2. Organizing your work

When you begin working with LEAPWORK, it is essential to understand how automation flows, resources, data, etc. are organized. Organizing your assets is relatively simple, and doing it right from the get-go will save you a lot of troubles later.

The 'Flows' Menu

All automation flows-related assets in LEAPWORK (Flows, reusable Sub-flows, web and desktop elements, images, data files, etc.) are shown in an explorer-style tree view. It is available from the main menu in LEAPWORK Studio by clicking 'Flows'.

Flows menu

Below are descriptions of the different elements of the Flows menu.


The folders in the tree-view structure are the key to organizing your automation flows and related assets.

You create a folder by clicking 'New' and selecting 'Folder'. This will create a folder at the point of focus in the tree-view. You can also right-click anywhere in the tree-view and click 'New folder'.

The figure below shows an example of how to organize a project.

Flow menu - example

An example of project organization: Create a top-level folder with the name of the project, and then add multiple folders dividing the project into features, sprints, products, or similar. Each Sub-folder can then hold one or more automation flows, and the flows can have any number of Sub-flows (reusable parts of a flow), captured web elements, data files, etc.

flow icon


All automation in LEAPWORK is built as flows. In test automation, a 'flow' is a test case, and in RPA, a flow is a business process.

Flows can be created in two ways, either by:

  • clicking the ‘New’ button from top menu in the 'Flows' section, and then clicking 'New', or by; 
  • right-clicking on a folder and click 'New Flow'. 

Once a flow is created, you can give it a name, and if it is not located in the right folder, simply drag and drop it into the right position.

All assets making up automation flows, e.g. Sub-flows and captured elements, can be arranged in a hierarchical manner. This way you will have an overview of which assets belong to which flow, and it makes it easy to move a flow, including all assets, to other folders.

Here is how the organization of a simple web automation flow could look like:  

flow example

For example, the 'AccountValidation' flow includes a Sub-flow named 'Login', a captured button from the web page named 'LOG IN WITH EMAIL', an Excel-sheet named TF.xlsx used for data-driven purposes and a few more elements.

sub-flow iconSub-Flows

A Sub-flow is an automation flow that can be re-used as a component inside other automation flows. Using Sub-flows is considered best practice because it allows you to encapsulate functionality in global components making maintenance much easier. 

Read more about Sub-flows.

A Sub-flow can be created in two ways, either by:

  • clicking ‘New’ and selecting ‘Sub-flow’ to begin working on an empty Sub-flow, or by;
  • creating the Sub-flow from an existing automation flow by selecting the building blocks to be used as Sub-flow, right-clicking, and then clicking ‘Create Sub-Flow’.

After naming a Sub-flow, the Sub-flow is added as an asset under the flow in the tree-view, and can be reused in any LEAPWORK automation flow. A Sub-flow's position in the tree-view provides some context for their usage.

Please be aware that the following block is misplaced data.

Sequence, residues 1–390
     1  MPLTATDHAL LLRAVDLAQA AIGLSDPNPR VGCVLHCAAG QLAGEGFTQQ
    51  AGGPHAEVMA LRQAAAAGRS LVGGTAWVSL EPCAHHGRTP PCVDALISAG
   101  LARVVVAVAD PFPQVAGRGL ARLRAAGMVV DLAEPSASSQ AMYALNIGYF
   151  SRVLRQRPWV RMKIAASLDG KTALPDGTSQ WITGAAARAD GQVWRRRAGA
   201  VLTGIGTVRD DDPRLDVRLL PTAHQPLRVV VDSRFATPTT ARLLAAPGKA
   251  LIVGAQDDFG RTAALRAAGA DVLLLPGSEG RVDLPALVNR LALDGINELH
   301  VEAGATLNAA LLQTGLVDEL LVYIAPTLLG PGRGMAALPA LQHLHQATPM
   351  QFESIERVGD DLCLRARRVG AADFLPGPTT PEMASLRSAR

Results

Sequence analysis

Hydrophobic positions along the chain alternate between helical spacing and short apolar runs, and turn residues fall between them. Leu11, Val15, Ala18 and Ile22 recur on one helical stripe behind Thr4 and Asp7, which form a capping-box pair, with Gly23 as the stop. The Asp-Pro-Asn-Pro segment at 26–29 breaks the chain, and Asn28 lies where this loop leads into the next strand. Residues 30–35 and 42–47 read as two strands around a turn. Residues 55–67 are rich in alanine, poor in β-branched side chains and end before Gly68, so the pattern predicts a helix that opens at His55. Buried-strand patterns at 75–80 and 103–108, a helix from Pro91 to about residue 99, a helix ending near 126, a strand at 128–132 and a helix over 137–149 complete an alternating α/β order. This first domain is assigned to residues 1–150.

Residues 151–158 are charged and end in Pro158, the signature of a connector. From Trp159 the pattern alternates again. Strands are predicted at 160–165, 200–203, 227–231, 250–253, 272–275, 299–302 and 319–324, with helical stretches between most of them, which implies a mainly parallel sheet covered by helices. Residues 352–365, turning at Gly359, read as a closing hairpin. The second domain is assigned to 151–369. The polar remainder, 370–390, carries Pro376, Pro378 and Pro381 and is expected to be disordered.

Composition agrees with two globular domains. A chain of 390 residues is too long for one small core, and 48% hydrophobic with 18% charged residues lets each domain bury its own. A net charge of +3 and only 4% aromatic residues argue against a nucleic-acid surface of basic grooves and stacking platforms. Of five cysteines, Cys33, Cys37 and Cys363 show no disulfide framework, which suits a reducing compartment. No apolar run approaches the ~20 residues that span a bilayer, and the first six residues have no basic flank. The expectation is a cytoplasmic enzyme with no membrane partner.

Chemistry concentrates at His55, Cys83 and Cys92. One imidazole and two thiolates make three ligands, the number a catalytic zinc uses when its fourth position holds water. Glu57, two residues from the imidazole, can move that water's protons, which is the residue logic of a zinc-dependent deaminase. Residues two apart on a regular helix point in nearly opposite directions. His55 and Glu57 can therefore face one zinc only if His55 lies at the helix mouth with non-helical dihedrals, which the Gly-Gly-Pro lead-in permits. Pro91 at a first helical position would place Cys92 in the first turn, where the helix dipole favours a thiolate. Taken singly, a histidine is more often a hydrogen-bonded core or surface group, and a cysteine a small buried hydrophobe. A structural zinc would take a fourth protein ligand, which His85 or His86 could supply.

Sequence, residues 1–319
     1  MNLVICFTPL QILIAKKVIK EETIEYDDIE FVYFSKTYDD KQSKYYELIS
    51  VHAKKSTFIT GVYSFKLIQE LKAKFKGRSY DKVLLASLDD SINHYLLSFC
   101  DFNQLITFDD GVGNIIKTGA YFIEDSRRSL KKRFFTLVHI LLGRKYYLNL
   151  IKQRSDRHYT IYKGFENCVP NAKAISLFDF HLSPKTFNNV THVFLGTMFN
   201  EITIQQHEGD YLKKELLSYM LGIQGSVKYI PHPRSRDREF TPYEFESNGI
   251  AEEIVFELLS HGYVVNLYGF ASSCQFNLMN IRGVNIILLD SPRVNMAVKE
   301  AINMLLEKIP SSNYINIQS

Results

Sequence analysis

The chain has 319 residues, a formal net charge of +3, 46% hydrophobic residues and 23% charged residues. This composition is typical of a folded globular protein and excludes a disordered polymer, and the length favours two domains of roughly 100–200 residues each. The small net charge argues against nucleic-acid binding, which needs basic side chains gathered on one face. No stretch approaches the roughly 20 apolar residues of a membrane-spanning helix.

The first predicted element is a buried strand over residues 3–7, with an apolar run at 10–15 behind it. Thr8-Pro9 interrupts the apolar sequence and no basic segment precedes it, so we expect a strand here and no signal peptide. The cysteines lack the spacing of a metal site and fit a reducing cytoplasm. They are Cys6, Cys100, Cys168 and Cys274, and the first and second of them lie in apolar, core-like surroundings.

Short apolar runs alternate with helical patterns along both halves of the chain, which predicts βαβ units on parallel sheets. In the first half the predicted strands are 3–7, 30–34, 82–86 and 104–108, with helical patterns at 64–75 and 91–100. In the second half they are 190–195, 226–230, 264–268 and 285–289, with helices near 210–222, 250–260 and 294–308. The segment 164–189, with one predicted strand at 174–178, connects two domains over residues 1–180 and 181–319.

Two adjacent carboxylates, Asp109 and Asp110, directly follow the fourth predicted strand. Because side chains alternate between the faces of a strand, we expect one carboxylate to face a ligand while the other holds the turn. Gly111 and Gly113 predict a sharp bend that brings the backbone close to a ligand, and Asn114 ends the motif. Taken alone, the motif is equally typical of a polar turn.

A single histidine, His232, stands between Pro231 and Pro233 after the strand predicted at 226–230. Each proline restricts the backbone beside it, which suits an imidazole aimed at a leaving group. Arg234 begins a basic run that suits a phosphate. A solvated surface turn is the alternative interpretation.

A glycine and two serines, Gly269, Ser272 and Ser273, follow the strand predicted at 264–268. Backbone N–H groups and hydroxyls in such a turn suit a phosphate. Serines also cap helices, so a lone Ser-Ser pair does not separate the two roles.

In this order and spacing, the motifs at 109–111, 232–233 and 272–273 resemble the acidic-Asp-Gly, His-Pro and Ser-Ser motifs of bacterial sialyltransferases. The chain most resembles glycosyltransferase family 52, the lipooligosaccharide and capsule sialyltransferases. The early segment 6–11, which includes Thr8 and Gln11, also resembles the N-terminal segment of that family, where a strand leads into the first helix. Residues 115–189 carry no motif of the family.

In some cases, it makes sense to organize all existing Sub-flows in a structure separate from the regular automation flows. Creating a folder structure dedicated to Sub-flows can make it easier to locate and re-use them.

Captured elements, or 'Locators'

Part of designing automation flows is to capture elements in the applications under automation. In LEAPWORK, this means fetching some information about an element in the application, e.g. the ID of a field, the name of a button, the area containing a specific text, etc. These elements are called 'Locators' and are an essential part of automation flows: They contain information used during the execution of automation flows to find and manipulate the given element.

Almost any software can be automated with LEAPWORK, including web applications, mobile websites, desktop applications of any kind, applications running in Citrix, etc. Automating different kinds of technologies creates different kinds of Locators. Hierarchically, all Locators are positioned below the flow they belong to in the tree-view. Below is an explanation of the different Locators in LEAPWORK:

web element-1Web Elements

A Web Element contains all information about a web control in a web environment, e.g. the HTML structure of a website element with a screenshot of the control.

desktop elementDesktop Elements

A Desktop Element contains all information about a desktop control in a desktop application, for example, the hierarchy of a desktop Control with the screenshot of the control.


For automating virtual applications, LEAPWORK uses OCR (optical character recognition), or 'image and text recognition', to identify elements, read text, click buttons, etc. When creating automation flows for virtual applications, an image of a given control or element is captured, and the captured image is then used by the OCR engine to perform the required operation onscreen during flow execution.

Image collectionImage Collection

The Image Collection functionality allows the user to collect captured images in a collection, and then use the collection when searching for an image. This means, for example, that the user can capture the same button in different states (no focus, in focus, hovered, pressed) and in different resolutions, and then add all captured images to one collection. 

data filesData files

Any data file used as part of a flow (Excel-sheet, CSV-file, etc.) is also shown in the tree-view.